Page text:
7. You are stranded on a deserted island with only a backpack for company. What three items are in your survival pack?
A notebook and a bunch of pens, of course.
A great water bottle with a filter for safe drinking!
A hammock to swing in the breeze, while I write, hydrate and wait to be rescued?
8. If you could have one superpower in your existence, what would it be?
Even when it’s grim.
It’s the only thing that helps me smile in these difficult times!
9. Favorite snack?
I’m a huge ‘fruit and cheese’ person, so apples and old cheddar, or pears and blue cheese, or grapes and brie…with a side of multigrain crackers and ginger kombucha. Maybe even … gasp … some roasted almonds?
10. Indy 500 – Do you know how to get where you’re going or do you drive the speed limit?
I know where I’m going, and I’ll get there soon enough.
However, I am more cautious than the Indy 500…and do drive with an eye on gas mileage.
Because global warming is real…
by Meredith Egan
GENRE: Contemporary Fiction
Taylor Smythe dreams of having a loving family. But first, he has to rescue his little sister Jenny from the gritty underbelly of the child cyberporn industry. Taylor journeys from homelessness in the inner city to a community in the dripping forests of the Pacific Northwest to confront the relentless pounding of his fiercest pain. Can he become the big brother Jenny needs right now, and for the rest of their lives? Tide’s End explores the many faces of sexual assault and human trafficking, and how life can shatter for those most affected – the victims. Because #MeToo is more common than we can imagine. As is #ChildrenToo and even #BoysToo. It tears apart our families and neighbourhoods. And wherever there is suffering, there are guardians and helpers who still the relentless pounding to encourage Tide’s End.
“Welcome, everyone. I’m Rosie, and I’m honoured to be here today,” she said, and she waved the long stick she was holding, getting us to stand. It had a carving of a big, black bird on the top and was painted bright colours. There was a large crystal in it, and some feathers fluttered from a ribbon. I liked it, I decided.
“Let’s start this evening in a good way, with a prayer,” she said. A prayer? Weird.
“Thank you, Creator, for bringing us together tonight. Thank you for the journeys that brought us here, especially the good bits.” She asked for kindness on our “healing journey,” and open hearts and minds and other stuff. Then she said something I won’t forget.
“Creator, we ask you to remind us to believe each other as much as we want to be believed. And to show us new ways to make sense of what happened to us. Help us find a way to go back into the world with less hurting.” Less hurting. An idea I could get behind.
“Let’s be open to new things, and not be too judgemental.” She just stood there for a bit, and when she finally sat, so did everybody else. People were smiling, even me.
“Tide’s End. I don’t know if you know why this place is named that, so I’ll try to explain.
“Mission – the train bridge, actually – is the place where the folks who regulate fishing have decided the tides end. The water is brackish until here, up the river delta, but First Nations People have been fishing here since time…forever. At least 10,000 years. We fished the salmon, and the sturgeon, and other fish. And we know about tides, and how they pound and beat on a place. Without ending.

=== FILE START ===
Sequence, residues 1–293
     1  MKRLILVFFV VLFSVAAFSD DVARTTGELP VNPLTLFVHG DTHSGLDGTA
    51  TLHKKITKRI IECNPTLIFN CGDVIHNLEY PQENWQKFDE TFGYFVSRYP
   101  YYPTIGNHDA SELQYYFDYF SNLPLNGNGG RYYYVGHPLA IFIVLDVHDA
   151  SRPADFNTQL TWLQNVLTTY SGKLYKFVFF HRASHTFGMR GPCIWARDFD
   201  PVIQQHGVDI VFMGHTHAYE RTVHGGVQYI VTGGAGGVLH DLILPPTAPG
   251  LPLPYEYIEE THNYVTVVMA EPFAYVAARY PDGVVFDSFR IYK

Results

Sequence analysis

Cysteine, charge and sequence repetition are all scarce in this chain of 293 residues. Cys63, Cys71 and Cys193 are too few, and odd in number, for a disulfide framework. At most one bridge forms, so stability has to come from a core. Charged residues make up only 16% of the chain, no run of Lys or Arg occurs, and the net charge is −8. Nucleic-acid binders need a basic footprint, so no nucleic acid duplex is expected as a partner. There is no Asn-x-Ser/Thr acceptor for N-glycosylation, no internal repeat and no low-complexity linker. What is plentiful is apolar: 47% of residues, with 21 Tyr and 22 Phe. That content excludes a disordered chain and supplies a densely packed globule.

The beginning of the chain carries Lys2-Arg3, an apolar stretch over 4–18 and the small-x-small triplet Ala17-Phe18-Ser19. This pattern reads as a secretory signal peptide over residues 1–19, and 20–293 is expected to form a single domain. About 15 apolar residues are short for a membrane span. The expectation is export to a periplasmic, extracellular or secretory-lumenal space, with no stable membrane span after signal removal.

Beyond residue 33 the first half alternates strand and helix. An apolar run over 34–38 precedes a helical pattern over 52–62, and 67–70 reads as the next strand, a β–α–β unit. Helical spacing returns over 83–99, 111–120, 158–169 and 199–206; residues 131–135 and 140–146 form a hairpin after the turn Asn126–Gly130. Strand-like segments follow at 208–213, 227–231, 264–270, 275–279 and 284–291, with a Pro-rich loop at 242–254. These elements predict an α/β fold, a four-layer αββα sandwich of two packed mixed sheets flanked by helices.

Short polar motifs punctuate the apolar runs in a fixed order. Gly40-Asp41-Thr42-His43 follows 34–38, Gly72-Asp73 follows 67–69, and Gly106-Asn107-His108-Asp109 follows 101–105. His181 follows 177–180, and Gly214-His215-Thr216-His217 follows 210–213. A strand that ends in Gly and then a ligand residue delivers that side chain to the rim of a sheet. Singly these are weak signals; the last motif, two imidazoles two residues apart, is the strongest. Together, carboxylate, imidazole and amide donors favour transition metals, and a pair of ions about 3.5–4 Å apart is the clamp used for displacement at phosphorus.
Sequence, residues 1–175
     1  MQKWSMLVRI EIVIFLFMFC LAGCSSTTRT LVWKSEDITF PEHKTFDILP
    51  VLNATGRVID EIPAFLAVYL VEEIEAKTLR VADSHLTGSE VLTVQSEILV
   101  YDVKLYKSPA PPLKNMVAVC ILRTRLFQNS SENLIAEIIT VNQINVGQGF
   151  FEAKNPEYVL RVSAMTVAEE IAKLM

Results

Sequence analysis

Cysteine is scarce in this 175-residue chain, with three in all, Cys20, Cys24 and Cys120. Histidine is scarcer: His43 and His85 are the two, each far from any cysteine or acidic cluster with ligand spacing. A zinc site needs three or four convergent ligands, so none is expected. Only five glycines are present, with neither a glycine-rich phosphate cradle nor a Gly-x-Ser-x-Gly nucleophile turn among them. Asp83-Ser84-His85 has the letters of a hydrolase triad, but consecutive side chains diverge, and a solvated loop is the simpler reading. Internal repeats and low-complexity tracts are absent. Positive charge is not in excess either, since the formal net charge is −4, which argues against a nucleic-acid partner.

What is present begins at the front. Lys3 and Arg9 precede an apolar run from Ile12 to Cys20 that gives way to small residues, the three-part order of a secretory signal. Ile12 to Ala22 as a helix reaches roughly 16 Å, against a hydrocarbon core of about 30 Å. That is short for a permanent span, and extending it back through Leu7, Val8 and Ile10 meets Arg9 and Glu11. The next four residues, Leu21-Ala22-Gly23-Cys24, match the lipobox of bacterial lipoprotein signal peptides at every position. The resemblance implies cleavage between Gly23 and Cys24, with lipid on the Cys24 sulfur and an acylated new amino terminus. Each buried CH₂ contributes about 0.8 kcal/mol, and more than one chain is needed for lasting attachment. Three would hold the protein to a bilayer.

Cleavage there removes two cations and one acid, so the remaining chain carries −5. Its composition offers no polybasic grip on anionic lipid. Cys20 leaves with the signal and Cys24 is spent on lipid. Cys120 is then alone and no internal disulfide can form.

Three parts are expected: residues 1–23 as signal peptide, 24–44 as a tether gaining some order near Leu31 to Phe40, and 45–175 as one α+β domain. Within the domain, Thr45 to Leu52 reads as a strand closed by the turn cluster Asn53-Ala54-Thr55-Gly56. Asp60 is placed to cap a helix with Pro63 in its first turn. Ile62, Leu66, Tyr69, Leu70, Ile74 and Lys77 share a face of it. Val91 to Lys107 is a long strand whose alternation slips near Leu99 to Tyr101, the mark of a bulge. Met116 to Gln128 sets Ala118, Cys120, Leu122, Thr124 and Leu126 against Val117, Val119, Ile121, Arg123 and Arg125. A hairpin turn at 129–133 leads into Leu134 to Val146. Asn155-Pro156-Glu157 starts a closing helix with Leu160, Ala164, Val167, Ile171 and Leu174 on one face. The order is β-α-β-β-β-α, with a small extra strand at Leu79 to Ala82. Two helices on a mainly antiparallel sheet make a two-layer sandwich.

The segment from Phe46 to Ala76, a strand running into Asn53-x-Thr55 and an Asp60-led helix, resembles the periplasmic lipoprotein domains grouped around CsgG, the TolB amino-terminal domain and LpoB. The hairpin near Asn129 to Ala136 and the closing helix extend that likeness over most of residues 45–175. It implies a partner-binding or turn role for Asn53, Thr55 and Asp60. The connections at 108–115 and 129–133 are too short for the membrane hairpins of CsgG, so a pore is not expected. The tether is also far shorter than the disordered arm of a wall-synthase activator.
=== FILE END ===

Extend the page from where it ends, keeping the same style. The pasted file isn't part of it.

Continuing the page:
“So, we called this place Tide’s End because we hope to help with the relentless pounding.” She adjusted her skirt and looked at us again.
“We’ll talk about Taylor’s participating later, but for now, know that sometimes we are going to push you. Ask you to work hard. But you can always say no, if you need to. We just don’t want you to be disruptive…stopping someone else from getting what they need in the circle.” She smiled and handed the talking stick to Kate.
AUTHOR Bio and Links:
Meredith Egan is an author of critically acclaimed novels, Just Living: a novel and Tide’s End: A Just Living novel. The stories are shaped from her work with crime victims and violent prisoners over more than thirty years. Meredith is trained in mediation and peacemaking circles., and has been honoured to learn from many First Nations peoples. Meredith coaches writers and other creative folks and offers workshops and training through her Daring Imagination work.
Meredith is the principal at Wild Goat Executive Coaching where her clients include leaders in the automotive, technology, government and small business fields. She lives at the Groundswell Ecovillage in beautiful Yarrow, BC. with her dog Mollie, and rambunctious feline sisters Firefly and Filigree. For fun she dabbles in cooking soup for her neighbours, and soaking in her hot tub with her four adult children when they visit.
You can find Meredith through her website, and on Facebook and Twitter for information about her novels, and her coaching work. Meredith welcomes opportunities to speak with groups about justice, and writing. Her books are available through Amazon and local bookstores.